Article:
What's new in INES (No. 2), 8. March 2013
New German INES bank account:
Lucas Wirl wegen INES
Account Number: 1062441881
US Nuclear Weapons Policy. U.S. 30 Years After WarGames, Director John Badham Recalls Nuclear Blockbuster. North Korea Tests Third Nuclear Weapon. Germany’s Homemade Nuclear Waste Disaster.Russian Fireball Largest Ever Detected by CTBTO’s Infrasound Sensors.U.S. Working Group for Peace & Demilitarization in Asia and the Pacific.
Water is a public good, not a commodity. We invite the European Commission to propose legislation implementing the human right to water and sanitation as recognised by the United Nations, and promoting the provision of water and sanitation as essential public services for all.
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Warhead Numbers Declin; Secrecy Continues. At a summit on nuclear deterrence in February 2013, Dr. Donald Cook, the National Nuclear Security Administration's administrator for defense programs, claimed that the U.S. has reduced its nuclear stockpile by 87 percent since its peak of 31,255 warheads in 1967. Dr. Cook later modified his estimate to 85 percent. This means that the U.S. still has approximately 4,688 active nuclear warheads (either deployed or in reserve). The figure does not include the estimated 3,000 nuclear weapons awaiting dismantlement.
The Obama administration has emphasized the importance of transparency to support non-proliferation and arms control efforts. However, all nuclear stockpile numbers after September 2009 continue to be a secret. This forces administration officials to speak in vague terms instead of real numbers, which inhibits further progress on global nuclear reductions.
Kristensen, Hans, "(Still) Secret U.S. Nuclear Weapons Stockpile Reduced,"Federation of American Scientists, February 26, 2013.
30 Years After WarGames, Director John Badham Recalls Nuclear Blockbuster.The 1983 nuclear action-adventure movie WarGames presented the story of David Lightman (Matthew Broderick), a high school student, computer prodigy and hacker who uses a dial-up modem to play what he thinks is a computer game – only to reach a top-secret system at the North American Aerospace Defense Command (NORAD). The intrusion is accidental but triggers a domino effect that accelerates toward world war, as government computer experts and generals find themselves helpless to halt the "game" that NORAD's overzealous computer has initiated on Lightman's suggestion.
To mark the 30th-anniversary year of WarGames, NAPF talked to John Badham, the film's director. Badham’s decision to mix the right amounts of humor, action and teen romance into the film is now credited with making it a smash hit – without sacrificing a serious moral about the futility of war and a nightmarish quality of dread that persists throughout.
To read the full interview, follow the link:
On February 12, North Korea conducted its third test of a nuclear weapon since 2006. Full details of the blast are not yet known, including whether it involved plutonium or highly enriched uranium. Initial reports indicate that the blast was bigger than North Korea's previous two tests, in 2006 and 2009.
The U.S. Senate approved a bill condemning North Korea for its test and calling for tougher sanctions against the country. The United Nations Security Council also condemned the test, though no decision has been made on implementing additional economic sanctions.
"Senate Approves Bill Condemning North Korea Nuclear Test, Pressing for Tougher Action," Associated Press, February 25, 2013.
Some 126,000 barrels of nuclear waste have been dumped in the Asse II salt mine over the last 50 years. German politicians are pushing for a law promising their removal. But the safety, technical and financial hurdles are enormous, and experts warn that removal is more dangerous than leaving them put. It's hot and sticky 750 meters (2,500 feet) underground, and the air smells salty. Five men are standing in front of an oversized drill. They have donned orange overalls and are wearing bulky special shoes, yellow hard hats and safety glasses. They turn on the machine, and the rod assembly slowly eats its way into a gray wall. For over seven months now, the team has been trying to drill a hole with a diameter of eight centimeters (three inches). They are attempting to reach one of the former excavation chambers of Asse II, an old salt and potash mine near the northern German town of Remlingen, in the northwestern German state of Lower Saxony. Behind a barrier 20 meters thick, thousands of drums filled with nuclear waste have been rotting away for over three decades.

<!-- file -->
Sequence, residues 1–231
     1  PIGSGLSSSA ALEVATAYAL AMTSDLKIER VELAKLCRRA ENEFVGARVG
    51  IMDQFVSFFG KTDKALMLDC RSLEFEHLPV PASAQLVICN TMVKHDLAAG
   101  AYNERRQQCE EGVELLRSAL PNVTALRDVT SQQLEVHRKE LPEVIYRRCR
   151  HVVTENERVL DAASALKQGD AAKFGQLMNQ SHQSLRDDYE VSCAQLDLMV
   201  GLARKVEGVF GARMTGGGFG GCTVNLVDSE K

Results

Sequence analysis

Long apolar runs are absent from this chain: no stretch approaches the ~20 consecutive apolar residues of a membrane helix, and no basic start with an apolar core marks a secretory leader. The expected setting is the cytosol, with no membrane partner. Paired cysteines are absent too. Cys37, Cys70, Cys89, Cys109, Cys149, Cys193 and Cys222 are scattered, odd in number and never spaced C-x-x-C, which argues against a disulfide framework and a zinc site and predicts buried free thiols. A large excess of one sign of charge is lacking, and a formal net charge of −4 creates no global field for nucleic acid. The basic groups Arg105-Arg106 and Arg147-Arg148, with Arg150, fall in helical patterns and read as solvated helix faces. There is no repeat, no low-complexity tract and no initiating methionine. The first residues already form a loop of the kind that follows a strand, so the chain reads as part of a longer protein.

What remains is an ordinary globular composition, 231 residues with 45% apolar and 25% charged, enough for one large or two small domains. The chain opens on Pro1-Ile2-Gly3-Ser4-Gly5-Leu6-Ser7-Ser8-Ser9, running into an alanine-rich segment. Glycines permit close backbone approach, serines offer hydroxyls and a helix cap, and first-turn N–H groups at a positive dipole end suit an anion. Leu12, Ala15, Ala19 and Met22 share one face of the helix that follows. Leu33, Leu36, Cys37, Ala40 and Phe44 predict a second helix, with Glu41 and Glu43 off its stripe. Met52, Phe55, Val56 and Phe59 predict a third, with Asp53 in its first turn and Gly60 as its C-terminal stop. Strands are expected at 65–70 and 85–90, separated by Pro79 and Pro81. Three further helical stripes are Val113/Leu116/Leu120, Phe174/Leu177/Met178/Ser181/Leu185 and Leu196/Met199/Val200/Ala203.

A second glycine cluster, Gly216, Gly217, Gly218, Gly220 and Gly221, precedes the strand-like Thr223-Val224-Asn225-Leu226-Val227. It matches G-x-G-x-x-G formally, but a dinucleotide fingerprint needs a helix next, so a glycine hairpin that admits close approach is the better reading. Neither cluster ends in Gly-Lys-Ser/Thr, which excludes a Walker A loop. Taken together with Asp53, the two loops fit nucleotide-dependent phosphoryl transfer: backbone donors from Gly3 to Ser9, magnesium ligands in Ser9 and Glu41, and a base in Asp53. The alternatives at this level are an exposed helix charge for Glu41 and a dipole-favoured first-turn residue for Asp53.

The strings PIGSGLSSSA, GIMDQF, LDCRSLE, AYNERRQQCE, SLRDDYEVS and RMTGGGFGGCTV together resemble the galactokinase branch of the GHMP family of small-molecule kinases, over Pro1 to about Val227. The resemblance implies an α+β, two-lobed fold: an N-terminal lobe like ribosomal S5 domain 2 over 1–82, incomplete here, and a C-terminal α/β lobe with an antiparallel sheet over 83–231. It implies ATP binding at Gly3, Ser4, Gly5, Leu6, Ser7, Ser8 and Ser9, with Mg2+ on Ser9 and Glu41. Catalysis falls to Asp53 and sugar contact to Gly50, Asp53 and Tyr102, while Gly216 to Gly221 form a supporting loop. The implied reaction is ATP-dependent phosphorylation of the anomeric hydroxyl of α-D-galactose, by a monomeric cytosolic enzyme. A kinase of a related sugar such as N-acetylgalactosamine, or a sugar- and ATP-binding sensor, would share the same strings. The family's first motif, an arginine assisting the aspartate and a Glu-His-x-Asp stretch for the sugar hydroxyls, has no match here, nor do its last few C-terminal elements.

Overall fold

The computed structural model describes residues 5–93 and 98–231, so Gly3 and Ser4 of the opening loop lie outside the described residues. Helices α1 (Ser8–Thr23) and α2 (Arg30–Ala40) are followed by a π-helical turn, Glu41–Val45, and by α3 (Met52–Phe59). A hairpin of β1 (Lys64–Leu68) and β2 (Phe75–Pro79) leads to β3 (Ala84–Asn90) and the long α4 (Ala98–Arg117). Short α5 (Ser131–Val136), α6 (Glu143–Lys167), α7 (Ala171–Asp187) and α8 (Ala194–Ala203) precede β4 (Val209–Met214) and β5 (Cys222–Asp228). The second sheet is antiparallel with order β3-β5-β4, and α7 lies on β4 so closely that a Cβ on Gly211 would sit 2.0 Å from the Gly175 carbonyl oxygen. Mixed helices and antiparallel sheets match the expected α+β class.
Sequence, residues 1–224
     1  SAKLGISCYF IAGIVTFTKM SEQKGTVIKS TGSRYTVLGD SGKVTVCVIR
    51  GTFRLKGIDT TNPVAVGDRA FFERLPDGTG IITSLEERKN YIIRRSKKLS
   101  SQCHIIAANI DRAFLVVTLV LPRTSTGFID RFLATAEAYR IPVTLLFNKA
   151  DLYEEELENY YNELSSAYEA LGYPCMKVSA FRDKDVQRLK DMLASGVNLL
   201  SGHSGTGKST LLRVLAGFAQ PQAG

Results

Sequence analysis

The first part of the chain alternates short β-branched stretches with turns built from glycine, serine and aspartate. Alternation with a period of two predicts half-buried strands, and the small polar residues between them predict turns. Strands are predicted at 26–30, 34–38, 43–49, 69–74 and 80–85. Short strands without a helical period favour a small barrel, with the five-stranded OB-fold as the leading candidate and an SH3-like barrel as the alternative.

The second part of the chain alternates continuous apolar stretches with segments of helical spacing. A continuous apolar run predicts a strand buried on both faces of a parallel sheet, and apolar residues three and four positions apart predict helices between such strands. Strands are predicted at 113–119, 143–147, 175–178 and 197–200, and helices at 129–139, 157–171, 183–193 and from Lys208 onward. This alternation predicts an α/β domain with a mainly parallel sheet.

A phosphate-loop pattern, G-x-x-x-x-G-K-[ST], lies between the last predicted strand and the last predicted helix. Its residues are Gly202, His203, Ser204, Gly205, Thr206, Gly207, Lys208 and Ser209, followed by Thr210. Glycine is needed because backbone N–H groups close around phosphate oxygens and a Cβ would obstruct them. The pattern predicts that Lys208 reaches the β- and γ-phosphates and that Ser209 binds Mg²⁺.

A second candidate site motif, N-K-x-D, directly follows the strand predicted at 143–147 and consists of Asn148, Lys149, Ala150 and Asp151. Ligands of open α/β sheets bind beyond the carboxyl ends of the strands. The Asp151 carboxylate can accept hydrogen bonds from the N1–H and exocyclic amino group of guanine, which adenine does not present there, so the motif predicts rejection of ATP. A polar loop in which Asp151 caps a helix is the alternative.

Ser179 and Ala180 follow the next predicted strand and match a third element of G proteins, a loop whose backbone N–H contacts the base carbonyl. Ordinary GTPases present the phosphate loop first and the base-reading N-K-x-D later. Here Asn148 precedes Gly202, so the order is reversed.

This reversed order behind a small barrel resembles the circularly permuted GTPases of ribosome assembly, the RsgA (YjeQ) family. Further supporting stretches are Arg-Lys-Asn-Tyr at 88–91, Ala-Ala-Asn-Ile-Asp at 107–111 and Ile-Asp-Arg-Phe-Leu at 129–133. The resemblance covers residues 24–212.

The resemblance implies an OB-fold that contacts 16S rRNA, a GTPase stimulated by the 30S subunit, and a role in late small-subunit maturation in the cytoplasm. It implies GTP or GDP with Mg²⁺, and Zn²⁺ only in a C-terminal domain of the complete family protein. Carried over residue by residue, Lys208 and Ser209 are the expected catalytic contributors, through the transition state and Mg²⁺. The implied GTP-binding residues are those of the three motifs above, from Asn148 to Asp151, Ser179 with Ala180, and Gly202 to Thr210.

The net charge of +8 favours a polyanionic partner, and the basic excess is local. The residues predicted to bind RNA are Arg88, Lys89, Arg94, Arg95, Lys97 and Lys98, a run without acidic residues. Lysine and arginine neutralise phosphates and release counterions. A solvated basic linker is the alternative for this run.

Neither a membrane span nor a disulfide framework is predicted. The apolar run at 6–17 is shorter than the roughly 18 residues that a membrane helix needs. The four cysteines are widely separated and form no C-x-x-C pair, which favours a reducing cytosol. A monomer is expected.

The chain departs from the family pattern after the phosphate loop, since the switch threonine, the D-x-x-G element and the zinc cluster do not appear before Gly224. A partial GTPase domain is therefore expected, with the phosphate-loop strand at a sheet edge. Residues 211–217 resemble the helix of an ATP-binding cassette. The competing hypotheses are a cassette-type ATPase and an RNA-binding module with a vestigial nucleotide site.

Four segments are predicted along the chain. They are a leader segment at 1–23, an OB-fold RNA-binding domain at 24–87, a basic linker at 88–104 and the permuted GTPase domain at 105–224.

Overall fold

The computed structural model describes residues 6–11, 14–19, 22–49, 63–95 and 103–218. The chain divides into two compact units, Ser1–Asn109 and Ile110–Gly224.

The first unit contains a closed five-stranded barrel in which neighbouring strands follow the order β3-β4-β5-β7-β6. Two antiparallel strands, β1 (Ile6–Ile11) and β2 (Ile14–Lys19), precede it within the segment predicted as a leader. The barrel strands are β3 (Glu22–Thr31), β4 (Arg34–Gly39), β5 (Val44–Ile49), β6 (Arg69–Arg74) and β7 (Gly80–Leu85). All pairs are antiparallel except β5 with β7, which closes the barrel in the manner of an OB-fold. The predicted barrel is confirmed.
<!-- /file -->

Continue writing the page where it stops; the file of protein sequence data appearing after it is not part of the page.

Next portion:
It's dangerous work. Over the years, experts warn, explosive gases may have collected in underground cavities -- and one spark could trigger a disaster. Consequently, the drill head is only allowed to turn extremely slowly. After the machine has barely advanced another 10 centimeters, the men pull the drill pipe out of the hole and insert a probe. They thus manage to inch their way forward about 20 centimeters per shift.
The drilling ultimately aims to provide a glimpse of the first of 13 chambers filled with barrels of waste, and to provide information on the condition of these containers -- and on what measures need to be taken to remove them from the 100-year-old maze of tunnels.
It took two years to prepare this journey into the contaminated salt. Engineers had to redevelop measuring devices, design new machines and write computer programs. The men on the drilling team have volunteered for the job. They are working in a hermetically sealed space. To prevent any radioactive dust particles from reaching the rest of the mine, a constant vacuum is maintained here. There is special vinyl flooring that can be decontaminated, and the walls are lined with custom-made tiles.
German Environment Minister Peter Altmaier was on hand for the launch of the exploratory drilling on June 1, 2012. Since none of the available garb would fit him, two seamstresses had quickly sewn a white miner's outfit for the stout politician from Chancellor Angela Merkel's center-right Christian Democratic Union (CDU). Then Altmaier pressed a red button in a neighboring tunnel to symbolically start the drill.
At that moment, Germany cast itself into one of the most technically ambitious, and thus most costly, ventures of its industrial history -- a bold, perhaps foolhardy, project that will consume at least €4 billion ($5.3 billion), but more likely somewhere between €5 billion and €10 billion. It's a decontamination project that will take 30 years, or longer. And no one can say with certainty whether it will ever be completed.
The initial stage has already revealed that the intended retrieval of the drums is an expedition into the unknown. The team has driven the drill pipe 35 meters into the salt, yet after a good seven months of work, they still haven't found the chamber with the stored radioactive waste. Geologists now believe that it has been missed by roughly 2.5 meters because the mountain has a life of its own and changes shape as the salt shifts from south to north.